Patience is a virtue

“Pa-cheeen-tsa… pa-cheeen-tsa!” repeated my wife’s Sicilian grandmother, before we were married.  (This is as close as I can come to transcribing her pronunciation of the italian word for “patience”).

This is a sequel to Don’t even Think about it discussing the importance of your spouse being on-board with the extended missions involvement that you feel God is calling you to.  If you haven’t read it yet, it might be helpful to begin with that post and come back to this one.

That God called me to a greater involvement in foreign missions is not so surprising. In fact, my wife likely feared that this day might come (the word ‘fear’ is intentional), yet as we prepare to go, she is 100% on-board. How did we get from “I fear it” to I’m all for-it”?

Over the past twenty years, I had spent a great deal of time in France between personal travel, study for my Master’s Degree and ministry involvement. It was no secret that I had a love for the country and the culture. My wife, on the other hand, grew up an Italian in Belgium (a country that the French typically make fun of), so there was familiarity but no particular affinity. Liz moved to Canada after we married and in doing so, uprooted her entire life (friends, family, cultural and institutional familiarity, etc.), something I both admire and respect. Given that it was such a huge sacrifice, I had said repeatedly that I would never again ask her to do that unless it was very clearly the will of God to do so.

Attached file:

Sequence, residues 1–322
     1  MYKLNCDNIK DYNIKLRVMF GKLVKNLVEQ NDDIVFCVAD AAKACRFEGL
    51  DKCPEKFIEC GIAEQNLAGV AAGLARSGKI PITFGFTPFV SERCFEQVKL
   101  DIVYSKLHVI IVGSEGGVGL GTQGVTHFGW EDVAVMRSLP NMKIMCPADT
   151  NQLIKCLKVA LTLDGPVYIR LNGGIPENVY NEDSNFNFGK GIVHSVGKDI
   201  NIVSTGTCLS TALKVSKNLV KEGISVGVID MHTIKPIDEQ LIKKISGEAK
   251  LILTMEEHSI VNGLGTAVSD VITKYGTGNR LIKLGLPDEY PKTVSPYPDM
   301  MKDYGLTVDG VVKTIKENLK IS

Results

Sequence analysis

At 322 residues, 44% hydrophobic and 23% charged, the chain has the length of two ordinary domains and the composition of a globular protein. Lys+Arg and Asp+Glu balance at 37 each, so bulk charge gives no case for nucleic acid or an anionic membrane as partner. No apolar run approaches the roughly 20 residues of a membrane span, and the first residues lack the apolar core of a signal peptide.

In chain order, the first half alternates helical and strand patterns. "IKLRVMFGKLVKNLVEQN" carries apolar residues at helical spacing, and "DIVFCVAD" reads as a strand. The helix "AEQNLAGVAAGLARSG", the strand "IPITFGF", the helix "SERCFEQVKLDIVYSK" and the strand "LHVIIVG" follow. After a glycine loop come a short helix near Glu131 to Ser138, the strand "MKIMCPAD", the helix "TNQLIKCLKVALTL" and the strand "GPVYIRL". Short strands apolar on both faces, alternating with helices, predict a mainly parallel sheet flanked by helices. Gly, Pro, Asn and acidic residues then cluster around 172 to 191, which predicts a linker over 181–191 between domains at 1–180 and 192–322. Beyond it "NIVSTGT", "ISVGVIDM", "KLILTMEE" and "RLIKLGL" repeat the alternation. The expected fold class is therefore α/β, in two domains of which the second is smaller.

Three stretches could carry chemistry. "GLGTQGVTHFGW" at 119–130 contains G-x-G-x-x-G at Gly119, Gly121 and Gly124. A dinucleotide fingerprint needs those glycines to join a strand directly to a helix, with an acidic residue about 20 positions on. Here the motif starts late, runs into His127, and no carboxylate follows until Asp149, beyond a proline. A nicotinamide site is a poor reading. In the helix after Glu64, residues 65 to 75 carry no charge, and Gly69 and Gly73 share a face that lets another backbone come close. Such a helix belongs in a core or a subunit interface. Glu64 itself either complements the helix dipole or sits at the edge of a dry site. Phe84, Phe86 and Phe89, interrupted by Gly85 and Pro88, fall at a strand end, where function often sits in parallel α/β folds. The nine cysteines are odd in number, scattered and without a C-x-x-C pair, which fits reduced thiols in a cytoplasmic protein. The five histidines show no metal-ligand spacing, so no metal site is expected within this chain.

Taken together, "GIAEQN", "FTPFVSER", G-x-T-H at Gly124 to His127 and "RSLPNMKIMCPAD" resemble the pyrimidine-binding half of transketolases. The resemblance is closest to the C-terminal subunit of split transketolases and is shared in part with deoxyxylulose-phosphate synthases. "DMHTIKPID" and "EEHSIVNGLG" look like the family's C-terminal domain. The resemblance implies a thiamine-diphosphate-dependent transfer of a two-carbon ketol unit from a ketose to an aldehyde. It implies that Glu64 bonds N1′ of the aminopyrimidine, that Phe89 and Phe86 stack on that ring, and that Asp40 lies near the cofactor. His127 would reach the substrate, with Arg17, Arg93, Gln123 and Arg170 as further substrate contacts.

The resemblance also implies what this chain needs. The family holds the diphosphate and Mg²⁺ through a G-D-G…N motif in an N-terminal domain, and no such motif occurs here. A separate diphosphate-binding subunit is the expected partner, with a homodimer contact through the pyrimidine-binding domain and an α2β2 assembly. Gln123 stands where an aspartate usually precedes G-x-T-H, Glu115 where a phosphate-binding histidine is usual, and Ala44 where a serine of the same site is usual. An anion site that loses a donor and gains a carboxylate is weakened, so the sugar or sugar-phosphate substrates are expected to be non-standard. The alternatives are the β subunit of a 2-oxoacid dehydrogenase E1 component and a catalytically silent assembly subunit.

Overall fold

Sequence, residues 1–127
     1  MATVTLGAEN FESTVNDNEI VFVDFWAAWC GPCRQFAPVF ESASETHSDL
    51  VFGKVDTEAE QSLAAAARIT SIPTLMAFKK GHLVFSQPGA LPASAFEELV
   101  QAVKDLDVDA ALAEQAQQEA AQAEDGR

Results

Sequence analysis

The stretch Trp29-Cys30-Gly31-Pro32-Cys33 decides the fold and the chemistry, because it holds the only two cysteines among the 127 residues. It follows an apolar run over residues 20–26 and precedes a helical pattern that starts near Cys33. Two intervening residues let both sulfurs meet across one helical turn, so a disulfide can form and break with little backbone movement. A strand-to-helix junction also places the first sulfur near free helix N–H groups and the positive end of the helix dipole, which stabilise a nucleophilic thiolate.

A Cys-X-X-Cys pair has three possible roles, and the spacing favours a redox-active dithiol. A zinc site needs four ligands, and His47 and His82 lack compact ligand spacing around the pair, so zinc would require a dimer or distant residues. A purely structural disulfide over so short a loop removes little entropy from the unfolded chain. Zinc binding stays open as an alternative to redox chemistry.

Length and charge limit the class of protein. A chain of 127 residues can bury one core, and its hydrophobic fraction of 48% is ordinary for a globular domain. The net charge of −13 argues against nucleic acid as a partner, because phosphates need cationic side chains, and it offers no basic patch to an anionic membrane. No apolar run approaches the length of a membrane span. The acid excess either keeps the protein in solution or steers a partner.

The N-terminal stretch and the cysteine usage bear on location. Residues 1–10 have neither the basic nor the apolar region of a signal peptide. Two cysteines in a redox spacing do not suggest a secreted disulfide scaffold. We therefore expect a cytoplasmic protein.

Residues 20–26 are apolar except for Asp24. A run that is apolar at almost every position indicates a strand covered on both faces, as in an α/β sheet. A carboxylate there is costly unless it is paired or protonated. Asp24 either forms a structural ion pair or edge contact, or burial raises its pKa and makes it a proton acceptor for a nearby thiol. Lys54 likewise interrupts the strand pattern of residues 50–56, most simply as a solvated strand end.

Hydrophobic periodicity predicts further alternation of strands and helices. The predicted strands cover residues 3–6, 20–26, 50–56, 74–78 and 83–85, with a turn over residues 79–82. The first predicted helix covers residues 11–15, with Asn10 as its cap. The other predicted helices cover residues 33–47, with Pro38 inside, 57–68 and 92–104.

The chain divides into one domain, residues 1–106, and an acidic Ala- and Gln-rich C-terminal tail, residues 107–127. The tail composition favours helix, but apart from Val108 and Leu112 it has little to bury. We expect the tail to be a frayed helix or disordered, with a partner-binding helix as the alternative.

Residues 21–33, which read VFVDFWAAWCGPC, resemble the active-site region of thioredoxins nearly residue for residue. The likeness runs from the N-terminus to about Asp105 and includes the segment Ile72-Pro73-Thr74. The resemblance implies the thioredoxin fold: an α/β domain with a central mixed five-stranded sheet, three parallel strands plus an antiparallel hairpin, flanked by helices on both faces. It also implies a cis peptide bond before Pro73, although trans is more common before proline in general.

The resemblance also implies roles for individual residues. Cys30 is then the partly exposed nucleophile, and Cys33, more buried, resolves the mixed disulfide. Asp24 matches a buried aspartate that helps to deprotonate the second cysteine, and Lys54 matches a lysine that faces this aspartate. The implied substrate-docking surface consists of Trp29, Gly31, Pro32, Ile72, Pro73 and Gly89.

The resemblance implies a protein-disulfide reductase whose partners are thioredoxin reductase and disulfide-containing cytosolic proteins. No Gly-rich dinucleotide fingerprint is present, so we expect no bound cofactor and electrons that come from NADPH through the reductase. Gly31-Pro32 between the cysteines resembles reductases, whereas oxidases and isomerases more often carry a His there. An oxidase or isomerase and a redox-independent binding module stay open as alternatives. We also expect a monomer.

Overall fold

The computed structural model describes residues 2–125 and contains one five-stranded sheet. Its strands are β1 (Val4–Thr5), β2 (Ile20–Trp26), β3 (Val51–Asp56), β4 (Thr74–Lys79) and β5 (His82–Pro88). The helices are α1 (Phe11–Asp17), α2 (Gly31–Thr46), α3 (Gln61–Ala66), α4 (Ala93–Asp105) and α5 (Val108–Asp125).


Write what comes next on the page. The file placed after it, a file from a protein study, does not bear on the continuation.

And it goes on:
Different ministry opportunities had presented themselves, and although some would’ve been appealing in terms of autonomy or adventure, none were of the Lord. When we would discuss these possibilities, I was careful to reiterate the guideline that I’d established…. that I would not ask her to uproot again unless absolutely convinced that it was clearly the Lord’s plan. Over time she realized that I meant those words.  This built security in her.

Even after I felt quite sure that the Lord was leading us to France, I refrained from discussing it with her for about three months.  I also asked the Lord to speak to her during that time… to prepare her to receive what was solidifying in my heart. If it was of Him, He was well able to speak to her as He had to me.

Before half of those three months had passed, she mentioned to me a desire to get some things in order (the house, bills, etc.) in case we would have to make any kind of move. In that, along with a few other things, I could see that the Lord was preparing the ground… and answering my prayer.

We also limited the spread of what we were contemplating. Sometimes the more people are aware, the more pressure there is to move the process forward at a faster pace. For this reason, only a 1/2-dozen people, or so, were aware of our plan for nearly a year – people whose prayer life, walk with God and advice we trusted.

Did you catch that? I said “nearly a year”. In fact… at the time of this writing, we have been formally in the process for fifteen months and still very few people are aware of our plans. By exhibiting patience (pa-cheeen-tsa) I have given the Lord time to speak into my wife’s spirit and given my wife time to get comfortable with the idea.

They say that “slow & steady wins the race”.  I have found that to be the case. By taking our time, it has allowed my wife to opt-in to the plan. It is something we are planning together. Rather than simply “her following God’s plan for my life” we are pursuing God’s plan for our life… together.
And it feels great!

Thanks Nonna… pa-cheeen-tsa! … it works!

One response

  1. Pingback: …on becoming #AIMkids « AIM Long

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